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MARAD Warns Vandals Against Tampering With American Shipwrecks

Salvage
A suspected illegal salvage vessel operating at a war wreck site off Indonesia, 2017

Published Jul 23, 2023 2:34 PM by The Maritime Executive

The growing prevalence of shipwreck vandalism has prompted the U.S Maritime Administration (MARAD) to issue a stern warning against engaging in such activities, maintaining that any form of disturbance must have approval from authorities.

MARAD has issued a notice stating that shipwrecks in its custody - including overseas - are increasingly being threatened by illegal salvage. Owing to the historical importance and value of the cargo in some of the sunken ships, the agency advises against unauthorized activities on the shipwrecks or their cargo.

The National Oceanic and Atmospheric Administration (NOAA), which maintains a large database of shipwrecks, dumpsites, navigational obstructions, underwater archaeological sites, and other underwater cultural resources, estimates that there are approximately 20,000 shipwrecks in U.S. waters alone.

The MARAD notice on protecting sunken vessels and cargo comes at a time when cases of cannibalization of shipwrecks is on the rise. In taking the action, the U.S is joining a number of growing nations like the United Kingdom, Australia, New Zealand among others that are determined to protect and preserve shipwrecks and their cargo due to their historical importance.

“Those engaging in unauthorized activities involving shipwrecks and cargoes in MARAD's custody or control whether located in the waters of the United States, a foreign nation, or in international waters are advised that no disturbance or recovery from these shipwrecks or their cargoes may legally take place without the express permission of MARAD,” said MARAD in the notice.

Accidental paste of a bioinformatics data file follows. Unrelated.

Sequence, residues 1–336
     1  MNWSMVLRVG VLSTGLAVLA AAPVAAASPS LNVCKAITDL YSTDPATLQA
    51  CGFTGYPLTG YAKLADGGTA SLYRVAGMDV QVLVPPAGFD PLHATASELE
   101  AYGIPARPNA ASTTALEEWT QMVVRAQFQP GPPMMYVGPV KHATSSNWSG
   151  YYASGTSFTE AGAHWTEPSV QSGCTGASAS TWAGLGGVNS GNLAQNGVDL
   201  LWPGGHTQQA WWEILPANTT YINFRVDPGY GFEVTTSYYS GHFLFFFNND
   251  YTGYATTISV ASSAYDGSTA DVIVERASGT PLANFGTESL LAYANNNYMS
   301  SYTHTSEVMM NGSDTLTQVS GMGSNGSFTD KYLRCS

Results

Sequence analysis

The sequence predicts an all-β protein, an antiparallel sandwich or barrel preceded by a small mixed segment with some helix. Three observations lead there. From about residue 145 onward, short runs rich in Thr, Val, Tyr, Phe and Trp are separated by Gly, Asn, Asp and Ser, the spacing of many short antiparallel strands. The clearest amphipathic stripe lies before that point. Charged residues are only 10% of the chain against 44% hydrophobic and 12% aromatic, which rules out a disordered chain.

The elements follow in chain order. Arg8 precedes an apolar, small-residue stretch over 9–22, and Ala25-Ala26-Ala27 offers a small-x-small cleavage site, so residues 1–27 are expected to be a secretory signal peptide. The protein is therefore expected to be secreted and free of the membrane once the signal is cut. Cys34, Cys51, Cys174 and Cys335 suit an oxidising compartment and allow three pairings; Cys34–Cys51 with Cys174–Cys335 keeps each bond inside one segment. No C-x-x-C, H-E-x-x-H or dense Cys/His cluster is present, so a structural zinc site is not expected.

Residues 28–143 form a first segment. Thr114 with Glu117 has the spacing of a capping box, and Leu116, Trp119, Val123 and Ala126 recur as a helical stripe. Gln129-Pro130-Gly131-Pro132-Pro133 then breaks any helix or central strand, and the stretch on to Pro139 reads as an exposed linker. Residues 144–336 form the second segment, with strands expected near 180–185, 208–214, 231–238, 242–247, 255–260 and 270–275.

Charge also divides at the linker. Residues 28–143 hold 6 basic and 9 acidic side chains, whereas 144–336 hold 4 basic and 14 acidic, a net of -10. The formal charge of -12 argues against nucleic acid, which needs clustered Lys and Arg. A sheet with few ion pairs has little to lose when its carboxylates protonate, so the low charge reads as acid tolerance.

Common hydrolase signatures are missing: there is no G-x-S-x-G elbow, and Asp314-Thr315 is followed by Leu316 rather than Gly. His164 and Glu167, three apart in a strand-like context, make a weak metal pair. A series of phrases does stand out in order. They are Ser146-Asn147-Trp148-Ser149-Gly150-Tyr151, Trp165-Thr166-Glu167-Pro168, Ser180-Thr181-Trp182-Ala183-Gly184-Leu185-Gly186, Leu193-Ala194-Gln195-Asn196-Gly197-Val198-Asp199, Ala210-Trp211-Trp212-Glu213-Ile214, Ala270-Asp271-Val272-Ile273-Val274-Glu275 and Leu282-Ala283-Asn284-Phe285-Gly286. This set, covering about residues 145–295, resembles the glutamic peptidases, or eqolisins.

It added that the U.S will use its authority to protect and preserve its shipwrecks and their cargoes from any illegal activities. For the U.S, custody and control extends to any shipwreck of a vessel that at the time of its sinking was owned or under charter of MARAD or one of its predecessor agencies. It also extends to shipwreck cargoes.

MARAD contends that the U.S title to these wrecks is not limited by the passage of time or the distance of the location. It holds that any activities at protected wreck sites require written consent from the agency.

MARAD's primary duties are focused on education and reserve fleet maintenance; it has about 800 employees, a budget of $900 million per year, and no law enforcement personnel of its own.